Background: Registry-based studies have become more common due to the availability of a large study cohort. However, the validity of findings is dependent on the completeness of the registry. This study aimed to validate the capture rate of the New Zealand Joint Registry (NZJR) by matching procedures that have been recorded separately via clinical coding by the New Zealand Government’s National Surgical Site Infection Improvement Programme (SSIIP).
Methods: The National Health Index, a unique identification code for all patients, was combined with the arthroplasty procedure performed (primary total knee arthroplasty (TKA), primary total hip arthroplasty (THA), revision TKA or revision THA) and operation side. Publicly funded procedures recorded in the NZJR were matched with procedures recorded by the SSIIP on a record-by-record basis. This identified the total number of arthroplasty procedures performed in New Zealand, which was used as the denominator value to calculate the procedure capture rate of the NZJR.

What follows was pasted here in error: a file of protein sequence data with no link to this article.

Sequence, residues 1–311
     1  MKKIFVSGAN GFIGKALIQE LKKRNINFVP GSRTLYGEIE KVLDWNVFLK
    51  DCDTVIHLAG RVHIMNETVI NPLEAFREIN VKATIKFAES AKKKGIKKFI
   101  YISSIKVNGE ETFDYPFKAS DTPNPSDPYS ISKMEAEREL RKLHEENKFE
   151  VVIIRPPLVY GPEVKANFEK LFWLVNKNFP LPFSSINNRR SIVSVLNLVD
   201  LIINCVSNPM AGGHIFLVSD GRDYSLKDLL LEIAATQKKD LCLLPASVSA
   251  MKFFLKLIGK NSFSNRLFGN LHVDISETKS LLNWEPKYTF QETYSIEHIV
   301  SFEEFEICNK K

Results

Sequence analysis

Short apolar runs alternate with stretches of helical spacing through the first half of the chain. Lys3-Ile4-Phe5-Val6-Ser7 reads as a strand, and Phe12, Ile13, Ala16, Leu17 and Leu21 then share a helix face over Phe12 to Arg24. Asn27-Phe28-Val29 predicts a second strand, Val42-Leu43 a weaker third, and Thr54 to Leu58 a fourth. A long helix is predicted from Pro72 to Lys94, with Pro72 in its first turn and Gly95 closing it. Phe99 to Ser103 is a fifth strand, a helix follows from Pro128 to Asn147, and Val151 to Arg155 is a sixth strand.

Results: Between 2013 and 2018, 24 556 primary TKA, 28 970 primary THA, 2107 revision TKA and 4263 revision THA procedures were recorded by both datasets. The NZJR recorded 95.5% of primary TKA procedures, 96.3% of primary THA procedures, 97.1% of revision TKA procedures and 95.2% of revision THA procedures.
Conclusion: The NZJR recorded >95% of publicly funded arthroplasty procedures. In contrast, there were inaccuracies in clinical coding by hospitals, particularly with revision procedures, demonstrating the benefits of an arthroplasty registry. However, data recorded by an infection surveillance programme may supplement arthroplasty registry data to strengthen the quality of research.
Keywords: arthroplasty; clinical coding; joint replacement; registries; surgical wound infection.